Inventor and tech philosopher Dave Winer Twittered tonight that federation is the hot thing, pointing to a New York Times article about Facebook Connect. And just like that, he touched upon the third rail of our increasingly social web. The big question facing the social web depends on the direction it needs to take. A sharp increase in the number of web services and social networks has many of us yearning for a single sign-on, which has led to the idea of “federation.” On the flip side, we also want one place to manage our diverse web services in one place — in other words, aggregation. These two diametrically opposed views of how we are going to come to grips with our social web are going to face an intense debate until consumers vote with their clicks.
United Federation of the Social Web
Federation, as explained on Wikipedia, “describes the technologies, standards and use-cases which serve to enable the portability of identity information across otherwise autonomous security domains. The ultimate goal of identity federation is to enable users of one domain to securely access data or systems of another domain seamlessly, and without the need for completely redundant user administration.”
Facebook Connect, which was announced in May and is being rolled out this week, allows you to use your Facebook login to access Facebook’s partner web sites, then broadcast what you are doing on those sites to everyone on Facebook. It’s like Facebook Beacon — minus the marketing sleaziness. Partners include the Discovery Channel, the (irrelevant) genealogy network Geni, and (hot) video site Hulu.
“Everyone is looking for ways to make their Web sites more social,” Sheryl Sandberg, Facebook’s chief operating officer told The New York Times. “They can build their own social capabilities, but what will be more useful for them is building on top of a social system that people are already wedded to.” Of course, as I pointed out earlier, this is desperately important for the company to figure out how to make money. As a competitive matrix, here are some of other projects Facebook Connect is teeing off against: Google-sponsored Friend Connect, Open ID and MySpace’s Data Availability initiative.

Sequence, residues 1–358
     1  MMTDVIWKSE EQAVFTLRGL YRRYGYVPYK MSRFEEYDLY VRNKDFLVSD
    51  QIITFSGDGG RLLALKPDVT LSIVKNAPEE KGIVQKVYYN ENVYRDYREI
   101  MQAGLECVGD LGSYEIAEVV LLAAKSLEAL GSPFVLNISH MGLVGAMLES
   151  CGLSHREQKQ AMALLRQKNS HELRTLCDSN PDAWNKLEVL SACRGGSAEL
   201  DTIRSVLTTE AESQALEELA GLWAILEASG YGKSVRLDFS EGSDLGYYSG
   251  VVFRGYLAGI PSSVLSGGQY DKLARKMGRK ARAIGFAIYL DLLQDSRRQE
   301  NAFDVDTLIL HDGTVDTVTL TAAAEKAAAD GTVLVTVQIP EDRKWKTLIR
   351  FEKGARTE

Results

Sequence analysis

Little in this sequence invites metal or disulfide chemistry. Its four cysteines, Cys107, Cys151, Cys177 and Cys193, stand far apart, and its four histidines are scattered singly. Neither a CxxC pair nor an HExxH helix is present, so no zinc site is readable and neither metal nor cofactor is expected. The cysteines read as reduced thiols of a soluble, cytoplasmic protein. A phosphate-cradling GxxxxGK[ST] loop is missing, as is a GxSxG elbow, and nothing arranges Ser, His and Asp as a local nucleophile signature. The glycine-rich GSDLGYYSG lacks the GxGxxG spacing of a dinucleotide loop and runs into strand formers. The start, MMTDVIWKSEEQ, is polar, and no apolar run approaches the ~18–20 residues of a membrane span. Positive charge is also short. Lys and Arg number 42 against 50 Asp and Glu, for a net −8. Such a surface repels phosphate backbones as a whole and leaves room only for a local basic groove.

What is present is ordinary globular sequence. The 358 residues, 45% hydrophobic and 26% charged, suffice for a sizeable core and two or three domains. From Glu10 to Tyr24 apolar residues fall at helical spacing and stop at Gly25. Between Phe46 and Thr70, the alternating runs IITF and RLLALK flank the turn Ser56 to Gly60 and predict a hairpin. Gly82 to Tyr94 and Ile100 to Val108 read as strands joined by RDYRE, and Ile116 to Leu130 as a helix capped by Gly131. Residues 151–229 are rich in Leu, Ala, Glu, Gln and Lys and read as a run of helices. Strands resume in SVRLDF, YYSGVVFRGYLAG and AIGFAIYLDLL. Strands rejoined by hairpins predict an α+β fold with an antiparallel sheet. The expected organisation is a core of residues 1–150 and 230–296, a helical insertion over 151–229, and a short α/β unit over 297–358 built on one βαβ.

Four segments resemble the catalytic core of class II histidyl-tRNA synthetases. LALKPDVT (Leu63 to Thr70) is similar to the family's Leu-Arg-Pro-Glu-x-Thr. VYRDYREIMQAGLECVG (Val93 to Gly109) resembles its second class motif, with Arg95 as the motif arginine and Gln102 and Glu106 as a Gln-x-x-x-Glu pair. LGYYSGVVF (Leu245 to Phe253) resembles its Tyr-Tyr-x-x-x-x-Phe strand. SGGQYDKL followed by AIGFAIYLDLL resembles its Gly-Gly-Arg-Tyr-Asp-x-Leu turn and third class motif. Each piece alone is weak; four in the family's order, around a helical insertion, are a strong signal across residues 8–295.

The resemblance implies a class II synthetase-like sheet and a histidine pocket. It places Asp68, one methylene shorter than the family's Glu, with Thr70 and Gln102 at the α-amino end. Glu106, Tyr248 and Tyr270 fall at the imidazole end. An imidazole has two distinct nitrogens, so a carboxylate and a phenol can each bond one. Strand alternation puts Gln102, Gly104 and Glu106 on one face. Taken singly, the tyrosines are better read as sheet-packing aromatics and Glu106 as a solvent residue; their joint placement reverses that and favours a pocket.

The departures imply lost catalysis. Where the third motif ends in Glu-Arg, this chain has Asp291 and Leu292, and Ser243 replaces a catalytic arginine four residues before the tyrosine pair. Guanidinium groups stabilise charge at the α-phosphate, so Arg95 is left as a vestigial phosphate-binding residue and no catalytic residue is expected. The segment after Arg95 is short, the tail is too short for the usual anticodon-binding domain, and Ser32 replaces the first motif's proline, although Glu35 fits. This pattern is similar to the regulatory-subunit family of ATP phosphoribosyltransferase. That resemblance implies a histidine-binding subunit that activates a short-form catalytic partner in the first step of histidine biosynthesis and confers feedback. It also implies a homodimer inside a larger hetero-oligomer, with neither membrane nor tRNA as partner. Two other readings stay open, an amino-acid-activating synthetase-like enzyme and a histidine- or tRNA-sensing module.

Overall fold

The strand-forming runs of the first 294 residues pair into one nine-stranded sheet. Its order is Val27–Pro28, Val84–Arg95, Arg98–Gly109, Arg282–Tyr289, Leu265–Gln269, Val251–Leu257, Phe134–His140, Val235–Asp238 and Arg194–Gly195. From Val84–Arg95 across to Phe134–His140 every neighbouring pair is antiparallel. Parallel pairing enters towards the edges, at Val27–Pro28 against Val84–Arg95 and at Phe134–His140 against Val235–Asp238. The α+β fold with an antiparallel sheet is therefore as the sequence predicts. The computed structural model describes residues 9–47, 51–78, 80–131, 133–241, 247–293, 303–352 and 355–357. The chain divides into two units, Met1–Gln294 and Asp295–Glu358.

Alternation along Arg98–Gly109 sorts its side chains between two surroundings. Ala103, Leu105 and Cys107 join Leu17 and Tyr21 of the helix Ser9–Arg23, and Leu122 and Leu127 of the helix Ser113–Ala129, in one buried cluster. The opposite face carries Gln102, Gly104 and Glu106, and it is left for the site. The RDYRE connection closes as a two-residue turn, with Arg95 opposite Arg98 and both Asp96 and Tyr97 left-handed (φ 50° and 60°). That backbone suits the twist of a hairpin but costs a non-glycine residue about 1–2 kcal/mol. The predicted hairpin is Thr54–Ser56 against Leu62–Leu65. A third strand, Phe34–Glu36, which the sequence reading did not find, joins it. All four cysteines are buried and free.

On the flip side of federation is aggregation. There’s a small army of startups, such as FriendFeed and Ping.fm, that want to act as a dashboard for your entire social-web infrastructure. The latest startup to join the ranks is Power.com, a Rio de Janiero, Brazil-based startup that has until now operated in stealth and has raised $8 million in venture funding from Draper Fisher Jurvetson and Esther Dyson. The company was started by Steve Vachani.
Vachani’s big idea is that you can come to the Power.com web site, log in and interact with all your social networks, as well as other web services. It is not the first startup of its kind. Several others — MyLifeBrand, Spokeo, Loopster and ProfileLinker — have walked down this road. What Power.com has done is use virality and focus on Orkut to get a big enough user base. Vachani describes his service as “Facebook Connect for everything — an ultimate mashup platform” that connects to data from any service and allows Power.com users to interact with that information.